Have you driven this car yet? No, I didn't think so. So it's probably unfair to say it is a terribly un-fun car to drive, don't you think? Have you driven even the Accent GLS 4-door yet? If not, then you should before you say things like "it's dirt cheap" and "you pay for what you get". And C/D did not say the Accent's suspension is like "moving boulders." They praised the ride but didn't like the handling in the twisties. I've driven the Accent 4-door and it handles very nicely for an economy car--doesn't track like it's on rails, but that isn't necessary for people who are using the car for running errands and commuting. The Accent has an exceptionally comfortable driving position, due to the 8-way seat--something I wish Honda would copy. It's a solid, smooth, quiet, well-made little car. Not the sheer versatility of the Fit, but a good enough car that C/D said in its review (paraphrase), if you haven't driven it, go ahead and do it. Good advice before passing judgment on it.
  • thegraduatethegraduate Posts: 9,731
    A comma, or period would be nice for your next post, please. Writing like yours was incredibly hard to read.
  • timbuk3timbuk3 Posts: 17
    Yeah, I suppose you're right. BUT, that post just totally came out of the blue and though I haven't driven it, it's a Hyundai, and it's just hard for me to believe it would be better overall than a Honda. Honda has such a better reputation, it seems that that alone would be an indicator that the Fit will hold up better against the test of time than any Suzuki, Hyundai, or Kia. To each their own, though. :-)
  • nippononlynippononly SF Bay AreaPosts: 12,669
    really should be the Rio5, as the Accent is only available as a sedan or a 3-door. That's correct, isn't it Backy?

    All the reviews have been saying that the Accent is the Korean Toyota to the Rio's Honda, in terms of handling. It would be worth test driving the Rio5 if you are one who appreciates the Fit's sporty handling traits, especially since the Rio5 is the only 5-door (like Fit) between the two Korean models.

    The Rio/Accent manual shifter is just terrible - all sorts of slop. But the new Korean models are cute on the outside. And the equipment level is very favorable in a back-to-back comparo with Fit.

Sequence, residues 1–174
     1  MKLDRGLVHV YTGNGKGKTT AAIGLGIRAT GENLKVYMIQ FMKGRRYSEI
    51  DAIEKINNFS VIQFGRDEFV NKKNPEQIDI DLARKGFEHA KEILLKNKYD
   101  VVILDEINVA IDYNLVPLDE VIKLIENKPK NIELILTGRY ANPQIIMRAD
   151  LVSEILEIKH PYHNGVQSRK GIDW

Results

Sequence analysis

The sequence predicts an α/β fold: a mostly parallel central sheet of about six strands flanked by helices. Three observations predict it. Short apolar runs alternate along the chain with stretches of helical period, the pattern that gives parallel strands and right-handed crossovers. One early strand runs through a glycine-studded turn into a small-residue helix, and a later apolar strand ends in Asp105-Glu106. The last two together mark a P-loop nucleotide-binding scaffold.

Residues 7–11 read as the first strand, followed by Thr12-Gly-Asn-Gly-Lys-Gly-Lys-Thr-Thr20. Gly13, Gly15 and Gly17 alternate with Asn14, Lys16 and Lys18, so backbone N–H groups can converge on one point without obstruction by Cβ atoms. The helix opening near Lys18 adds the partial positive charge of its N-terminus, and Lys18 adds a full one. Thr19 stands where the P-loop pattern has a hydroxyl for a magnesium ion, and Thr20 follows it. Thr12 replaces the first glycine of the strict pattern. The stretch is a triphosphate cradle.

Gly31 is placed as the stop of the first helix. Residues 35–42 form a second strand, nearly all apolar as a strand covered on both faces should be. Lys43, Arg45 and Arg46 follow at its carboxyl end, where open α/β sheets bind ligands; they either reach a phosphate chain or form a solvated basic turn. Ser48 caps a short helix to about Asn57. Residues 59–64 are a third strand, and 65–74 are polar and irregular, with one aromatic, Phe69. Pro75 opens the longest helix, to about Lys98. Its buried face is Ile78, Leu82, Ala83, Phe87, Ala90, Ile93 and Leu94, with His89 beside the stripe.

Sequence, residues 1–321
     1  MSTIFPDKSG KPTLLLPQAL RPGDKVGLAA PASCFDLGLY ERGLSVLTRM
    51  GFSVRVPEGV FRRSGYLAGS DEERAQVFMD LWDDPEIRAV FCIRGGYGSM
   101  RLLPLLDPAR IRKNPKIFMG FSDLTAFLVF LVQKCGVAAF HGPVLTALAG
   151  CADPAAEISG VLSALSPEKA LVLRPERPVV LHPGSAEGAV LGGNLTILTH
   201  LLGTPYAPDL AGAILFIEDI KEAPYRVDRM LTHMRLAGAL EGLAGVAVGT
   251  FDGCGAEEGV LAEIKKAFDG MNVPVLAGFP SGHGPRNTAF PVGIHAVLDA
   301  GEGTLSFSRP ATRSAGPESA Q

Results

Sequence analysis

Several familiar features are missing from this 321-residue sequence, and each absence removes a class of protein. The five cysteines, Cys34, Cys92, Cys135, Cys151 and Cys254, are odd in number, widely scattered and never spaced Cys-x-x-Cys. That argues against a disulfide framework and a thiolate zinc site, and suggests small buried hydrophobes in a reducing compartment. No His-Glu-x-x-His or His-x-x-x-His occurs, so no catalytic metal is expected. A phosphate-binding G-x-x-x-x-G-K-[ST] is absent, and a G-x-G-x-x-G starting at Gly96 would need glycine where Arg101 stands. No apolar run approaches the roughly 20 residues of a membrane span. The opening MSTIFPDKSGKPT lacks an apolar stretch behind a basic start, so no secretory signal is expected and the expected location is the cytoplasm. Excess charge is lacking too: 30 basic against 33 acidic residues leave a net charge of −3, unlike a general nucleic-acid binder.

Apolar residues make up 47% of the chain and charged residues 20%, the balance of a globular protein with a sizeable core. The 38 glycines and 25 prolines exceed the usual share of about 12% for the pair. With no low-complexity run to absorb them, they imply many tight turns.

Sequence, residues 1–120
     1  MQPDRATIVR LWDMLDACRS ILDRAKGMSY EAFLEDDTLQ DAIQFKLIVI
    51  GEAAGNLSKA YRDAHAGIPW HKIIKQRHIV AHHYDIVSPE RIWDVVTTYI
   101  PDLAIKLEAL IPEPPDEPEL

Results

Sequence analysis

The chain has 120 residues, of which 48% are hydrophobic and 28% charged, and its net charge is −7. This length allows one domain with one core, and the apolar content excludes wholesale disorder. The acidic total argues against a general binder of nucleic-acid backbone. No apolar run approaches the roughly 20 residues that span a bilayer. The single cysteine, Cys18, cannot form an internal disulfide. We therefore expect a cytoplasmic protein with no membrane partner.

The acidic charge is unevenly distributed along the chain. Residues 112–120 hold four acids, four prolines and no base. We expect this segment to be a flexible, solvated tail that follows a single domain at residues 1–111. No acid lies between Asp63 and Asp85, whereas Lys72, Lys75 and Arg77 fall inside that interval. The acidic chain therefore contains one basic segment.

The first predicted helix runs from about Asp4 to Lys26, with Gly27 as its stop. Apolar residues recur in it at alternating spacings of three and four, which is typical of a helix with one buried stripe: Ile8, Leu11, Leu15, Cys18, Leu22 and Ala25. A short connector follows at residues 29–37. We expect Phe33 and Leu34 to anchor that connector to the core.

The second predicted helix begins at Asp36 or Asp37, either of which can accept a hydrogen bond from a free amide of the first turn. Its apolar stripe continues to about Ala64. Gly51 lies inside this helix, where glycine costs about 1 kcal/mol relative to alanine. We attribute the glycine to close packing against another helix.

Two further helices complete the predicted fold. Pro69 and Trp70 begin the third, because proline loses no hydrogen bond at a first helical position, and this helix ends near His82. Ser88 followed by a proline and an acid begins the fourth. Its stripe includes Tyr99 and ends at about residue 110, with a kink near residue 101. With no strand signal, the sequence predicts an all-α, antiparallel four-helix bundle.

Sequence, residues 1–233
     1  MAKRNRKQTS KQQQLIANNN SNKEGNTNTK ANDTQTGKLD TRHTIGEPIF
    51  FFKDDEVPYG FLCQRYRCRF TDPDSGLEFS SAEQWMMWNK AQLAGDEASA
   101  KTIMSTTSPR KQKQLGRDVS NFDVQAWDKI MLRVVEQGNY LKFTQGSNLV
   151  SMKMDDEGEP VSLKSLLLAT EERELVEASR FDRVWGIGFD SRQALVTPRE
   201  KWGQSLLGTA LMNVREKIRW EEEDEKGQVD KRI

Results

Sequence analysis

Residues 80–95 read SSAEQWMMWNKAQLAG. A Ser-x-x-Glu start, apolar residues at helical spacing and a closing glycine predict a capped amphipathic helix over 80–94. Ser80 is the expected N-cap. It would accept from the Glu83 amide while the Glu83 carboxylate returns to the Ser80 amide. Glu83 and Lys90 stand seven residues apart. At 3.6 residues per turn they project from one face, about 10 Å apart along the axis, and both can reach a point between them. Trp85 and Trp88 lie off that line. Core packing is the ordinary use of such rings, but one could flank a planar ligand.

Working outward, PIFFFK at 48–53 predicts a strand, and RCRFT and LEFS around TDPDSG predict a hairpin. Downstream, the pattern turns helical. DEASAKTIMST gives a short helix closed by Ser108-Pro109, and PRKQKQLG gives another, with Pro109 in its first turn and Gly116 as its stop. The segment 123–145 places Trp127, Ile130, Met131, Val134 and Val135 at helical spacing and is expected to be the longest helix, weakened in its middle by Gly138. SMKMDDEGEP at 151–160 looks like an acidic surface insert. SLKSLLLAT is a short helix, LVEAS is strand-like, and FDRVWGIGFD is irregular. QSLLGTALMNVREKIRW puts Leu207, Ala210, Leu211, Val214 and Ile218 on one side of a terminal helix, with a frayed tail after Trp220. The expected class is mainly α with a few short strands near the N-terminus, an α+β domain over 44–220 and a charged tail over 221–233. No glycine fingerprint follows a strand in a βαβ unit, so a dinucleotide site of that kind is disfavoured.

It's funny, I finally saw a Fit in person today, just to walk around, as it was pre-sold. By coincidence that dealership had a used Suzuki Aerio SX on the lot that was parked just down the row, and wow! There are a lot of similarities, especially in rear views. The Accent/Rio hatches look very good by comparison, I think.

    I noticed that thing about the fuel filler door - it is funny to see the little hook on the inside where it would normally latch closed, even though here there is no latch and you just pull it open from the outside using the little dimple in the door surface.

    The dealer I was at today had no added mark-up, or if he did there was no sticker in the window to indicate it, just the regular Honda sticker. $16,5 for a Sport auto seems like quite a bit, but I would take it over the Civic LX you could probably get for the same money. But of course, I wouldn't get an auto! :-)

    Now $15,7 for the stick puts it in direct competition with the Accent SE with the sub and the moonroof at about the same price. If you can live with two passenger doors in your hatch instead of four, the Hyundai is worth a look.

    2013 Civic SI, 2009 Outback Sport 5-spd (stick)

  • plektoplekto Posts: 3,705
    Wow. I've driven the Hyundais and Kias and went over all of them with a fine tooth comb last year trying to figure out if I wanted one or not.

    Problems with the Kia/Hyundai.